Arrests say no; some say yes: ‘World’s oldest profession’ in Northeast Minneapolis


Prostitution is a bigger problem than the arrest numbers suggest. When federal agents busted an alleged brothel two months ago, the news drew attention to what some characterize as a persistent nuisance in neighborhoods along Central Avenue: men looking for sex.

Arrest numbers for prostitution in Northeast are very low compared to other parts of the city. Police in the second precinct made just six arrests for prostitution in all of 2006. In the third precinct, in South Minneapolis, officers made about six prostitution arrests per week last year.

“I will not say it is not existent,” said Minneapolis Police Lieutenant Greg Reinhardt, who works in the police department’s 2nd precinct, which covers Northeast and Southeast Minneapolis. However, Central Avenue is hardly a hot spot for prostitution, he said, and what occurs doesn’t rise to the level of priority the precinct’s officers place on burglary and violent crime.

Several people who work along Central Avenue north of Lowry Avenue say prostitution is a bigger problem than the arrest numbers suggest. And the Northeast Citizen Patrol reports observing plenty of suspicious activity in the same area.

“Definitely, people know where to go,” said John Schulte, president of the Northeast Citizen Patrol. “I don’t know how word spreads, but it does.”

Schulte sat in an idling black Camry on a recent evening, observing from a distance as a woman struck up a conversation with a man behind a Central Avenue apartment building. Schulte recognized the woman standing in the alley. A volunteer recently placed her under citizen’s arrest for lewd behavior after she lifted her shirt in front of him.

“They’re probably negotiating right now,” Schulte said.

The woman is one of about half a dozen who engage in prostitution in the area, Schulte said. She wanders the busy avenues in Northeast–Central, Lowry, sometimes University– looking for men who will pay her anything so that she can fuel her chemical addictions, he said.

Schulte put the car in drive and slowly rode down the alley for a closer look. The woman, wearing short jean shorts and a dark tank top, stashed a can of Budweiser behind a concrete pillar and glared as the car rolled past.

The worst side effect from prostitutes, Schulte said, is that they attract men looking to pay for sex. He said women in the neighborhood have been hassled and embarrassed by men on the prowl.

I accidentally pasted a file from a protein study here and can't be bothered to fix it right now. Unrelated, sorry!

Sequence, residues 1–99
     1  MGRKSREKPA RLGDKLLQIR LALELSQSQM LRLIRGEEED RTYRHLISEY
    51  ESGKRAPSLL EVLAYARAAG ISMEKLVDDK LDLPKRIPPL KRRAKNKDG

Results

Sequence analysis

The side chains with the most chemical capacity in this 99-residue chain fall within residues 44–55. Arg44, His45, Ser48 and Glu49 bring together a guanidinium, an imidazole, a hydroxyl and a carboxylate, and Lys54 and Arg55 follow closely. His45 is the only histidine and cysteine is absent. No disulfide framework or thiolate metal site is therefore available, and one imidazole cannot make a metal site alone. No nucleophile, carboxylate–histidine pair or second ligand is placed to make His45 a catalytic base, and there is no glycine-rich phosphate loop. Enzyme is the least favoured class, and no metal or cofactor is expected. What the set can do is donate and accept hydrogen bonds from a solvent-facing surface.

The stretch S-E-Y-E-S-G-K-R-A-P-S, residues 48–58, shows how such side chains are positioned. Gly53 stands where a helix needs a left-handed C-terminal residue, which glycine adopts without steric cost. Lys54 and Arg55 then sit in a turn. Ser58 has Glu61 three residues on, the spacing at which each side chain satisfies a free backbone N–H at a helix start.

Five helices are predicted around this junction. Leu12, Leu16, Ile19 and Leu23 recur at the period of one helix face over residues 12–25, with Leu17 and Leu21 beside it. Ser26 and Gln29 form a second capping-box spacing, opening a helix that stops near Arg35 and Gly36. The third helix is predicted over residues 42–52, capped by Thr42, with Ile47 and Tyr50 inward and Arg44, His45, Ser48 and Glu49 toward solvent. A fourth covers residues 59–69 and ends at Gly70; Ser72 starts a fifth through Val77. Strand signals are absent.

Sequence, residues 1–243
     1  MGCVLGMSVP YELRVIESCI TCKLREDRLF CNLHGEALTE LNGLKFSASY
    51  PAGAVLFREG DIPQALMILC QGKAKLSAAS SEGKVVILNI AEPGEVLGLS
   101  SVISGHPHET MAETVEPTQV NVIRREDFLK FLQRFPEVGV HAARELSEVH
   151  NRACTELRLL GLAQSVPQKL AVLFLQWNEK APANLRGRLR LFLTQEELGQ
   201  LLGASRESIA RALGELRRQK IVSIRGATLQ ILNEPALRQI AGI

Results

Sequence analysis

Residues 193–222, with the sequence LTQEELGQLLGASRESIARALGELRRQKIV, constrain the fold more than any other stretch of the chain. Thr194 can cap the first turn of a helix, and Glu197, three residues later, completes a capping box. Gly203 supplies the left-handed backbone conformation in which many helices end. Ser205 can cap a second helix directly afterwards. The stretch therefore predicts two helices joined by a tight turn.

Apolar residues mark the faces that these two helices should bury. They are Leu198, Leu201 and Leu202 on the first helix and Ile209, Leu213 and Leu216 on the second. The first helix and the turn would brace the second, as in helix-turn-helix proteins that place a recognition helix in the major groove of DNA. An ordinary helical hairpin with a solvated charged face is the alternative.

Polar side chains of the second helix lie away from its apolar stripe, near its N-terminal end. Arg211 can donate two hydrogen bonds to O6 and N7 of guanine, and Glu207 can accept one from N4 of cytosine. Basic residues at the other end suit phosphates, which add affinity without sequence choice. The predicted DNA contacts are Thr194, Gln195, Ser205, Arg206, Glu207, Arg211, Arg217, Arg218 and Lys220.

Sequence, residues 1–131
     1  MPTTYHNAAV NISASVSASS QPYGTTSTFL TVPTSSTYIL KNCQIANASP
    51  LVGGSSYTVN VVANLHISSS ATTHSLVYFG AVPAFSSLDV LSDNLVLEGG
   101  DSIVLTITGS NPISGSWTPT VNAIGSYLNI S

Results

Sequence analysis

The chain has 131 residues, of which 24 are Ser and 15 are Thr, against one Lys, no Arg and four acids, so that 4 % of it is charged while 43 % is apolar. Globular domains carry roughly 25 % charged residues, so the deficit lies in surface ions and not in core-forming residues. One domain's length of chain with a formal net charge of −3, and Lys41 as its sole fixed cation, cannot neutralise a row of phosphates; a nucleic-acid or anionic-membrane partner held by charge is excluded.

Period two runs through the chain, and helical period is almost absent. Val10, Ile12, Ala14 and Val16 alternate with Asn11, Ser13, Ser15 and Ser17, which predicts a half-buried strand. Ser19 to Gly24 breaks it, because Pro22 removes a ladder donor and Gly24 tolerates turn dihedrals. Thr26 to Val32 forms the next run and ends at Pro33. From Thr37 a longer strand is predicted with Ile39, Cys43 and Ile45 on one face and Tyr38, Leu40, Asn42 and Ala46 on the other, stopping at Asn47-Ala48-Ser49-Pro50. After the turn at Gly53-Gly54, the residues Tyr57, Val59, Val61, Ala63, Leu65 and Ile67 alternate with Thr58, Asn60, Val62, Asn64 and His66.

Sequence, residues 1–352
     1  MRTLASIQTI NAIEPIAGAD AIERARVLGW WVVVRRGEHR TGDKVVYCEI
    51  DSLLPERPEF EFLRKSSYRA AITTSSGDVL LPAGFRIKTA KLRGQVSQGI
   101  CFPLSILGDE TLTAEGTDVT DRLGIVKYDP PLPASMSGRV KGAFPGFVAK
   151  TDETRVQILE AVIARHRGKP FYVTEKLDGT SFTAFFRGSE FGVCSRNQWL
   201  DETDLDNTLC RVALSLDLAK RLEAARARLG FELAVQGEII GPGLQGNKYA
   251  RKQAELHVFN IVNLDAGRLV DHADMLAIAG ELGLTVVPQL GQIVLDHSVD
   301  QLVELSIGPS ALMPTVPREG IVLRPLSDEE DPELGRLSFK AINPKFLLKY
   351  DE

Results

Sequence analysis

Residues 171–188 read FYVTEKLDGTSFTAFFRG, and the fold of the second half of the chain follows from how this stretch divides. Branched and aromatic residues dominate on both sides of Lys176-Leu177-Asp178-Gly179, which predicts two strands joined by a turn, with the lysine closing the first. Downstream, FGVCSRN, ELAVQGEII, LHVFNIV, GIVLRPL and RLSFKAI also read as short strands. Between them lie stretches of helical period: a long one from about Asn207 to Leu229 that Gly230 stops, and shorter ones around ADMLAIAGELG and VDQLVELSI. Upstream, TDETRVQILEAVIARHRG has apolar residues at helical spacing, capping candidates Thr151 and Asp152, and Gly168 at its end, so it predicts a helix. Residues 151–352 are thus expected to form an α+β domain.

When Mohammed Khan and his cousin opened their granite cabinet, flooring and counter-top business on Central Avenue this year, Khan said he thought the location–six blocks north of the police station–would be relatively free of crime.

A few months after opening, though, Khan said he’s seen plenty of suspicious behavior outside their three large front windows. He has no doubts what he sees relates to prostitution.

“It’s obvious,” Khan said. “You see the same girls on a regular basis, walking back and forth all day… You know there’s something going on.”

Dominic Heim, a cashier at Central Avenue Liquors, said they also recognize a group of women and refuse to serve them. They’ve also had to ask them to leave their parking lot.

Sam Fudlosid, a clerk at the Dollar Plus Store, said he personally has been approached by women outside the store.

“They say stuff that you’re supposed to read between the lines, like do you want to have a good time,” Fudlosid said. “It’s just so obvious around here. I don’t know why someone doesn’t take care of it.”

Reinhardt said there is about a block and a half stretch of Central Avenue where prostitution is a known issue. Police are aware of a small group of prostitutes who work the area, and those women are often arrested for other offenses, he said.

Northeast doesn’t have any of the typical signs of a serious prostitution problem. When things are bad, Reinhardt said, women can usually be seen working the streets in the early morning, around 5 a.m., as commuters are coming into the city.

The other evidence that doesn’t show up is trash, he said.

“When it’s really bad… there’s stuff that’s left behind,” such as tissues, condoms and drug paraphernalia.

What is observed can easily be misinterpreted, too, he said. Some of the behavior associated with prostitution–getting in and out of cars, for example–is also associated with drug dealing. He said people shouldn’t leap to conclusions.

“Every young lady standing on the corner is not a prostitute, nor is every group of young men standing on the corner a gang,” he said.

He said it’s difficult to say how accurately the situation is portrayed by the arrest numbers–six so far this year, six last year, seven in 2005, and three in 2004. A better measure might be a walk along Central Avenue.

“Can women walk up and down the street and not be accosted?” Reinhardt asked. “I would say yes, for the most part.”